In the German tradition, philosophical, scientific, and ethical approaches – theories, facts, and rational faiths – have never been seen as sufficient responses to the mysteries of life.  Art, especially literature, is considered essential to making one’s way in the world; the powers of fantasy allow us to approach what cannot be rationally comprehended.  In this course, we will consider imaginative treatments of the quandaries of the modern world, a world of perpetual uncertainty and change, of untold danger and opportunity, examining literary forays into such questions as:  Are human beings the masters or the playthings of nature?  Can there be a society without unjust domination?  How has the advance of technology changed human nature and blurred the line between reality and fantasy?  Is there a modern answer to death?  We will read, in translation, German-language literature and literature inspired by the German tradition by such figures as Kleist, Brecht, Kundera, Wolf, Kehlmann, and Houllebecq in the context of Marx, Freud, Nietzsche, Einstein, and Benjamin.

Eng 302a: Fiction Topics: The Long Story
(Professor Willey)
Long stories—alias long short stories—occupy a weird space: too long to sit comfortably in most magazines but too short to be their own books. Ask any reader for her favorite stories, though, and in response you’ll likely hear names of long ones: Joyce’s “The Dead,” Baldwin’s “Sonny’s Blues,” most anything by Alice Munro. We’re talking about stories approaching ten thousand words or better, but shorter than a novella. Whereas today you’ll hear that three-to-five-thousand words comprises some kind of short story “sweet spot,” the history of the form and of which stories people love best tells us otherwise. Many of the greatest stories are simply much, much longer. In this class we’ll study some of those long stories, and maybe a few really short ones to throw the long ones into relief. We’ll do exercises to help get your stories going, and everyone will write and workshop one complete story long as all get out, but not too long. As our stories keep growing shorter—or as we keep hearing they should—it’ll be good for us to stretch, to explore, to go long.

Eng 322a: NonFiction Topics: Reading and Writing Queer Memoir
(Professor Autman)
In our framework “Queer” serves as an umbrella term for sexual and gender minorities that are neither heterosexual or nor cisgender, and harkens back to its pejorative references from the 19th and 20th centuries. “Memoirs” are personal written narratives. In this class students will read queer texts from the 18th, 19th and 20th century with an eye on writing their own memoir essay. Participants need not identify as queer but should come with a hunger and openness to read and write in a nonfiction workshop context. Intro to Creative Writing or a demonstrated equivalent is required.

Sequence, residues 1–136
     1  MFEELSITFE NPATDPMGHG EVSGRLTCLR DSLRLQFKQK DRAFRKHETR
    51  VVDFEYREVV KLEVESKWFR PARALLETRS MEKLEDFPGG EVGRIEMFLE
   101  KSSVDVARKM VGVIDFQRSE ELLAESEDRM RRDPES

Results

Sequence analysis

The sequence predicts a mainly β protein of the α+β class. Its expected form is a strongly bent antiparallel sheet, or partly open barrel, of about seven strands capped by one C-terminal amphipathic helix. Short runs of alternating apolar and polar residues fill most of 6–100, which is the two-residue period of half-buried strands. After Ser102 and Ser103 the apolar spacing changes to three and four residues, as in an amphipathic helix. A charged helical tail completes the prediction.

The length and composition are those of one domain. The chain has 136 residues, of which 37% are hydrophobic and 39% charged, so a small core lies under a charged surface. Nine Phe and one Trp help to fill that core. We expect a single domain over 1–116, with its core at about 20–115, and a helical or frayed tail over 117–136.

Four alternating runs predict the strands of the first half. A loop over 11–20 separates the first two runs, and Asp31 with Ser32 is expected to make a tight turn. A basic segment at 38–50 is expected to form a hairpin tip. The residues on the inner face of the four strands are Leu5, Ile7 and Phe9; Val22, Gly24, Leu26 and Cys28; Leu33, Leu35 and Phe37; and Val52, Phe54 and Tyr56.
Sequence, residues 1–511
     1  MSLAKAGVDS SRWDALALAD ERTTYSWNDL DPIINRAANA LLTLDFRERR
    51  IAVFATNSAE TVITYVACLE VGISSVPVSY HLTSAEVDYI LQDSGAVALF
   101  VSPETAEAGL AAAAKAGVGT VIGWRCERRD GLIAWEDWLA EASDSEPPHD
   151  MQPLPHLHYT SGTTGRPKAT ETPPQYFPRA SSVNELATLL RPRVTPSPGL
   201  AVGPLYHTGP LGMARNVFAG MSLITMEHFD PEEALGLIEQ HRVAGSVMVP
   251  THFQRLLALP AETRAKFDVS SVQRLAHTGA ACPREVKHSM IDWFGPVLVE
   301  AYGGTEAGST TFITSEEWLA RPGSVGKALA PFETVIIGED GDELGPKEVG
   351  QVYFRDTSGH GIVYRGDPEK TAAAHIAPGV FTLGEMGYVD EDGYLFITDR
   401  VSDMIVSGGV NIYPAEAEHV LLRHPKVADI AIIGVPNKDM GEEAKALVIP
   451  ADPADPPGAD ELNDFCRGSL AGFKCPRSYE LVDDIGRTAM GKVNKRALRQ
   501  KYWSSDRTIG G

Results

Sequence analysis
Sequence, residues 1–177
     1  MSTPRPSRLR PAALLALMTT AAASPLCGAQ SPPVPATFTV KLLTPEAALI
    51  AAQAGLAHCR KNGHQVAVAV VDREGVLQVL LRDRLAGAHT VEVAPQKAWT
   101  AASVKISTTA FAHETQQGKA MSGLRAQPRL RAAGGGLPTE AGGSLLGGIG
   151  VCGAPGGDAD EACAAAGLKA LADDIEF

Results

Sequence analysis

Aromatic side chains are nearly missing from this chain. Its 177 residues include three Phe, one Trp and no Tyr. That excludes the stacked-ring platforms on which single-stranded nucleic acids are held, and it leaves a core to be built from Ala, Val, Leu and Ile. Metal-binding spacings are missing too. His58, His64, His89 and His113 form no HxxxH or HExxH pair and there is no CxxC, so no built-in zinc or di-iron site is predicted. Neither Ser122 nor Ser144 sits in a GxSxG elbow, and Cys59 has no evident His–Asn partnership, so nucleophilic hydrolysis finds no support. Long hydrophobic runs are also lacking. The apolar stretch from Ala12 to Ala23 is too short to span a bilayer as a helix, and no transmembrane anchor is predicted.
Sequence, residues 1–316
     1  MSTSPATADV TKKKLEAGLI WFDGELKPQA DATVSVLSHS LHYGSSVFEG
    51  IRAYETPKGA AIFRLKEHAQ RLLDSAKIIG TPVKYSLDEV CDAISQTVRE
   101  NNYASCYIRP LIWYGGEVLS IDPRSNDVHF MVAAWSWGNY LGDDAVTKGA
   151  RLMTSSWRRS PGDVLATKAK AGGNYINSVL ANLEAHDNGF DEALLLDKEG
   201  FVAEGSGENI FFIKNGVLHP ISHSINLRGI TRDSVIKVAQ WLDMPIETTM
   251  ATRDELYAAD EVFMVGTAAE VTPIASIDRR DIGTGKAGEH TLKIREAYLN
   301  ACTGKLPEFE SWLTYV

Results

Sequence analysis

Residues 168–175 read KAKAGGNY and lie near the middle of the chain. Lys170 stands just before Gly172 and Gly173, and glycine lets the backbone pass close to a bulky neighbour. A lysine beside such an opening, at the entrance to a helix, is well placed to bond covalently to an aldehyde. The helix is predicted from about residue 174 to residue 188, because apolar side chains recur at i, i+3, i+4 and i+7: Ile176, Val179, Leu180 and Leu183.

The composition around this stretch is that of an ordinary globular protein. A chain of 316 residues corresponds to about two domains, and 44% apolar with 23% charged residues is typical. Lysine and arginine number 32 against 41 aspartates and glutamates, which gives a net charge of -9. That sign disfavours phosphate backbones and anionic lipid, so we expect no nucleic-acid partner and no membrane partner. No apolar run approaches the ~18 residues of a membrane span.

Eng 349a: Form and Genre: Fiction and Poetry
(Professor Gloria)

Eng 391a: Advanced Topics: Authors: Playwright Suzan-Lori Parks
(Professor Geis)
Suzan-Lori Parks, the first African American woman playwright to win the Pulitzer Prize in drama, is a fresh, challenging, and always surprising contemporary voice in the theater. This course examines her significant collection of plays, beginning with her early dramatic experiments like Pickling and Imperceptible Mutabilities of the Third Kingdom, continuing to her “Abraham Lincoln” works (including The America Play and the Pulitzer-winning Topdog/Underdog), and culminating in her most recent theatrical projects such as 365 Plays. We’ll also look at her other projects, including screenplays, fiction, and music. Since this is an “S” course, students should expect to participate actively and to give a series of oral presentations.

Eng 392a: Genre: Advanced Topics:  The Politics of Representation in the Graphic Novel
(Professor Wimbley)
As a medium that uses both text and image to tell stories, the graphic novel now enjoys legitimacy as a genre warranting serious intellectual consideration by scholars and critics alike. This 300-level interdisciplinary course investigates fiction and nonfiction graphic novels to explore how graphic storytelling (re)creates new cultural circuits of representation and knowledge. In this course, we will discover the stylistic diversity of this genre, both aesthetically and textually. We will also develop the visual literacy skills to better interrogate the characteristics and tropes operative in these graphic narratives. Lastly, we will engage with current scholarship to situate ourselves in the larger conversations about this form of visual storytelling. Graphic novel sub-genres explored in this course include: utopian/dystopian narratives; high art productions; punk and cyber punk aesthetics; and the autobiography and memoir. Course texts include Alan Moore's Watchman, Marjane Satrapi's Persepolis, Alison Bechdel's Fun Home, Charles Burns' Black Hole, and Wilfred Santiago's In My Darkest Hour, to name a few.